However, most data used in these studies were obtained in structured or quasi-structured sessions in an unfamiliar environment. Research has illustrated the importance of having a natural environment and familiar interlocutors (Theodorou et al., 2010) for the facilitation of spontaneous interactions of autistic individuals. Furthermore, there has been little understanding of the sequential location of their gestures within interaction, which limits our understanding of how their motor actions can be communicative. Close examination of autistic individuals’ interaction within a natural setting can therefore further our understanding of the way gestures may contribute to the performance of communicative actions.
In the present study, we analyse in some detail the nonverbal displays of autistic individuals in interaction with others, with an aim to assessing the extent to which their multimodal displays are oriented to by their co-participants as meaningful. Under investigation are several individuals in Singapore, each diagnosed with Autism, in a range of everyday activities at home and in other familiar environments. Video recordings of naturally occurring interactions were obtained and transcribed following Conversation Analysis (CA) conventions, which provides an analytical framework that allows for a deeper and more nuanced understanding of such encounters (Dobbinson, 2010).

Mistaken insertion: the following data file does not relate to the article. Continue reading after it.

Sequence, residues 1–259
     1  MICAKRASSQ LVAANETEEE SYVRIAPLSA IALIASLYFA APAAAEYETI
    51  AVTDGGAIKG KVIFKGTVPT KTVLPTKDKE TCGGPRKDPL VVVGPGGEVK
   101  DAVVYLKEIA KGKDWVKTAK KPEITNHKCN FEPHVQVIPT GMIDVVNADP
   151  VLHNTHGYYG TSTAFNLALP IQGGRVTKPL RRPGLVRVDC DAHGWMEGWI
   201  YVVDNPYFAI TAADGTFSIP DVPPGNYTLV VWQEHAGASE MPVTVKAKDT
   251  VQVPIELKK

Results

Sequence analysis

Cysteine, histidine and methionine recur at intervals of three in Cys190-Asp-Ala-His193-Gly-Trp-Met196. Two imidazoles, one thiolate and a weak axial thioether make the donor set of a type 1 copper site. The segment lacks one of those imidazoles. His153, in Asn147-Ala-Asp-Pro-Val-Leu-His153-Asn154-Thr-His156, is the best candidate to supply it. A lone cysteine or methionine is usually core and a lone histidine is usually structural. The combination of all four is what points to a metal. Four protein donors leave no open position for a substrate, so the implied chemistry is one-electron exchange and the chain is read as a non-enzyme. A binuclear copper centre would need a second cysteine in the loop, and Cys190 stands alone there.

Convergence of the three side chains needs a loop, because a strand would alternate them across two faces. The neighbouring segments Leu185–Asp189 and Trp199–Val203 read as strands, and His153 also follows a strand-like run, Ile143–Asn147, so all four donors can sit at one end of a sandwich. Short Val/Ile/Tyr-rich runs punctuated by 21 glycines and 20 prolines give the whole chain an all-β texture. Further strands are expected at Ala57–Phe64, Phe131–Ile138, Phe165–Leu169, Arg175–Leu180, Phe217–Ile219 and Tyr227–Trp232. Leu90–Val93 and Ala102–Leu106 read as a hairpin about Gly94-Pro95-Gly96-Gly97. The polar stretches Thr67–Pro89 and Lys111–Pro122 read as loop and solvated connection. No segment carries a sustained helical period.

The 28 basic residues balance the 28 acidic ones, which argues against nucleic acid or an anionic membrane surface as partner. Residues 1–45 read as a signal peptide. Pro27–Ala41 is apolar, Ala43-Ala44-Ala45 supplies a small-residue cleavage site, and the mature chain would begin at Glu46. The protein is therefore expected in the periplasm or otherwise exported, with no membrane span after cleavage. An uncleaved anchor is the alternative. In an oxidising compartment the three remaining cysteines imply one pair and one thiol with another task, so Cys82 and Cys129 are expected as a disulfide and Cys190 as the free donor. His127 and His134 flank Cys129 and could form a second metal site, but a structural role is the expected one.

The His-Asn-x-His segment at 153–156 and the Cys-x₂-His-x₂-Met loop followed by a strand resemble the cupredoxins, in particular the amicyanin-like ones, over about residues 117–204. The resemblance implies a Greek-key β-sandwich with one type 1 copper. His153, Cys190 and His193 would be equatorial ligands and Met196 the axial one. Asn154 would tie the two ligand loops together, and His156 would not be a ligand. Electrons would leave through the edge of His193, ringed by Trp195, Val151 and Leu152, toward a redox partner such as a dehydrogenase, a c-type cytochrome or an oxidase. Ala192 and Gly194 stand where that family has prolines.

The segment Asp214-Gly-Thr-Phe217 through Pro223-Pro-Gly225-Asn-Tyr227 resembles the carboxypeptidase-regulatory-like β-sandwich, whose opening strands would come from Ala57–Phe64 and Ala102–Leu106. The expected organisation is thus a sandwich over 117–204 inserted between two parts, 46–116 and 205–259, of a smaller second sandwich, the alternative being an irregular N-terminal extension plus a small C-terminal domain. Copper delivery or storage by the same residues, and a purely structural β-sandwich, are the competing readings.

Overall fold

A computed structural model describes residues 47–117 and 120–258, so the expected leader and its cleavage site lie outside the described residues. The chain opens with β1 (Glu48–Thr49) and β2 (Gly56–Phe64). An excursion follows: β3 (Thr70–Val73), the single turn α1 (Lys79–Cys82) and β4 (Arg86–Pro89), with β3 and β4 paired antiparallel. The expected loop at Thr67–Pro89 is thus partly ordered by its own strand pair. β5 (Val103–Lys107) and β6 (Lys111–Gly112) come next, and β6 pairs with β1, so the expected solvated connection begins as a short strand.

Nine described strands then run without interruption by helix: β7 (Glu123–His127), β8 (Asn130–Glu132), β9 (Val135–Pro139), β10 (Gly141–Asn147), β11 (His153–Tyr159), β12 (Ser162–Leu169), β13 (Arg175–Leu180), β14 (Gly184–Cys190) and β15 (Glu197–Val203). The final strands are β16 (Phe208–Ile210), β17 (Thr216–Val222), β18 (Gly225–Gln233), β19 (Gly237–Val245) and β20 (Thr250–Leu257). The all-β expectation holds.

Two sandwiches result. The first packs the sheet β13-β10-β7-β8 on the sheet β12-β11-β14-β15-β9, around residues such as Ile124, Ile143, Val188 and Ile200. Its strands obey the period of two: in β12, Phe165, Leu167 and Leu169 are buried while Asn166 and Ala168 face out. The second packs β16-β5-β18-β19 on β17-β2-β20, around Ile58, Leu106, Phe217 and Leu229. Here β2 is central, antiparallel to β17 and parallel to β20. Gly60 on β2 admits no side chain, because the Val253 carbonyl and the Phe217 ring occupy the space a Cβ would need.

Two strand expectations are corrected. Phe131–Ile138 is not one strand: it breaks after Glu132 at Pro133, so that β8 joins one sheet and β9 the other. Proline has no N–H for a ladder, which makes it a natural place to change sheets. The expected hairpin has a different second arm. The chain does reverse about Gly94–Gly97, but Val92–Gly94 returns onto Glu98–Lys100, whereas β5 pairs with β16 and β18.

The study found that some aspects of the individuals’ nonverbal behaviour which might otherwise be deemed idiosyncratic or self-stimulatory (‘stimming’) turned out on closer scrutiny to play a significant role in interaction, e.g., as a delaying device or to change the direction of an interactional sequence. Head movements, eye gazes and changes in body posture were also used selectively to meet communicative goals.
While many produced gestures involved directly manipulating another’s hand, (similar to findings by Stone et al., 1997), autistic individuals also produced a significant amount of spontaneous gestures such as pointing. During a game situation, an autistic individual not only jointly collaborated with his interlocutor by imitating, but also initiated new moves of his own, accompanied by smiling and shifts in eye gaze. These displays demonstrate their ability to comprehend their interlocutors’ communicative moves, and to use gestures to pursue communicative goals within interaction.
When considering where these actions occur within a sequential interaction, the gestures produced display their engagement with their interlocutors. They jointly build upon shared sequences, and are meaningful productions within their relevant contexts. Actions produced by the children were also found to be in fine-tuned coordination with those of their interlocutors within the dynamic interactions they were participating in. These and other examples suggest that one may attribute, with justification, more communicative intent to autistic individuals than has previously been acknowledged.